Thursday 16 February 2017

David Mazzucchelli Comics: Short Stories in Various Anthologies, 1991–2013

At the apex of his relatively brief career in superhero comics – he drew his first comic for Marvel, Master of Kung Fu #121, in 1983 and had all but left the genre by 1987 – David Mazzucchelli helped redefine and reshape superhero storytelling with two acknowledged classics, both in collaboration with Frank Miller: Daredevil: Born Again (originally serialized in 1986 in Daredevil #227–233) and Batman: Year One (originally serialized in 1987 in Batman #404–407). (I read both on original publication and still consider the latter in particular among the best comics I've ever read.) When Mazzucchelli spoke to The Comics Journal in 1997 he told interviewer Christopher Brayshaw that he left superhero comics for three reasons: that he was not a violent person, and so had no connection to the fisticuffs aspect of superhero comics (quite a big component of the genre); that the schedule of doing a monthly comic "was starting to drive me nuts"; and that the kind of work he liked in other media – film, literature, the performing arts – was very different to the kind of work he himself was doing, in terms of "Subject matter, approach, attitude, everything."

His final work for Marvel (officially; in 1992 he inked a single page of Evan Dorkin's Bill & Ted's Excellent Comic Book, uncredited) appeared in issue #40 of the anthology Marvel Fanfare (October 1988), a story written by Ann Nocenti titled "Chiaroscuro". In many ways it pointed the way forward for the cartoonist, displaying a looser, more expressionistic line and featuring almost no superheroics (there's a four-panel silhouetted fight sequence on the first page, and the X-Man Angel is the ostensible lead, but otherwise the story is grounded in a suburban milieu).

Mazzucchelli worked from a plot rather than a full script, but he wanted to go further – to write as well as draw his own stories. Set free from the confines of the superhero genre he embarked on a succession of formally challenging, exciting, intriguing, sometimes moving, sometimes perplexing art-comix projects. He's since understandably become best known for the more substantial of these – his three-issue anthology Rubber Blanket; his and Paul Karasik's 1994 graphic novel adaptation of Paul Auster's City of Glass; his 2009 masterwork Asterios Polyp. But in amongst those longer projects he contributed numerous shorter pieces to various anthologies. Characterized by a restless inventiveness, some of these stories are possessed of an extraordinary depth and sophistication; others are more fun and light-hearted; but all are considered, thoughtful, and well worth seeking out.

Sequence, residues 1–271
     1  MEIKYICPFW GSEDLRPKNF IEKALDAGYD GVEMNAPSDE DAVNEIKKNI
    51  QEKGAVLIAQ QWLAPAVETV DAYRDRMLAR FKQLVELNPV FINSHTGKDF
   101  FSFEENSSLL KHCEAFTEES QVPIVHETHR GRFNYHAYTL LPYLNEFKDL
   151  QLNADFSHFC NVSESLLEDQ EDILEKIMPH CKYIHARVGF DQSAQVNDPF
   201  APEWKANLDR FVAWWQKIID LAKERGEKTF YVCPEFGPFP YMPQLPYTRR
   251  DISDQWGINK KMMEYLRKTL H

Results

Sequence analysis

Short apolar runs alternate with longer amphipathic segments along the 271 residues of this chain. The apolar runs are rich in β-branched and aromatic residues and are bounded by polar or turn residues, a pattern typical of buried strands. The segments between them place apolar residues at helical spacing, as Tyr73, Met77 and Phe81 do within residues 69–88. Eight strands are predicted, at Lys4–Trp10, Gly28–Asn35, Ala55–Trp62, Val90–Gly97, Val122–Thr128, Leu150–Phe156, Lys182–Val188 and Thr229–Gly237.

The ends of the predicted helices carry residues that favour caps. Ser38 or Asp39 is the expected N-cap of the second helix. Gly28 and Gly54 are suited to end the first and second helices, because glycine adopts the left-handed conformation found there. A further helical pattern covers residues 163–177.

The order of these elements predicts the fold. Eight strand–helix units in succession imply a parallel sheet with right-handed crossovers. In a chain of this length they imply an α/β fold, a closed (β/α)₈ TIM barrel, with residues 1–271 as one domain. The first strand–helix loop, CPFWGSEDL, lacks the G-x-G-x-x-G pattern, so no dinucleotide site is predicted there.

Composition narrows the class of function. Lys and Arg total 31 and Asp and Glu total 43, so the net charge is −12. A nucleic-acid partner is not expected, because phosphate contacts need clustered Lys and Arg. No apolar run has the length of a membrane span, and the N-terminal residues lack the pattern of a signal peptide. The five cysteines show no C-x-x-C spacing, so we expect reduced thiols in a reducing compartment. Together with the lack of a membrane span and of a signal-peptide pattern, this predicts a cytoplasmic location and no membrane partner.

I already had in my comics collection a good number of the anthologies in which Mazzucchelli's work appears, and I recently got hold of a few more; and having just written a profile of Mazzucchelli for the Marvel Fact Files – concentrating naturally on his superhero work – I figured I might write a blog post on some of those smaller and in some cases lesser known works. This blog post, in fact.

One of Mazzucchelli's earliest post-superhero pieces can be found in the third issue of Nicholas Blechman's anthology Nozone, published in 1991 (the same year as the first issue of Rubber Blanket). The theme of the issue – Nozone has a different one each issue – is "Destruction", which in Mazzucchelli's hands becomes "Cold Truth", a wordless two-page story about the tension between the pleasures of making and, well, unmaking.

Mazzucchelli contributed to Nozone twice more, in issues #5 and 6. Copies of Nozone are quite hard to come by, especially in the UK, but as well as finding #3 on eBay I was fortunate enough to come across a copy of #6, the "Crime" issue (1995), in one of my local comic shops, Dave's Books in Brighton. There's no Mazzucchelli short story inside Nozone #6; instead the cartoonist contributes the terrific front and back covers, which tell their own fleeting tale of crime and punishment.

A little easier to get hold of than Nozone are the two issues of Drawn and Quarterly Mazzucchelli contributed to. In Vol. 1 #9 (July 1992) he drew two very short stories: a meditative one-pager on the inside front cover, "Hear the Atoms Splitting", and a jarringly sardonic, aptly angular two-pager, "A Brief History of Civilisation".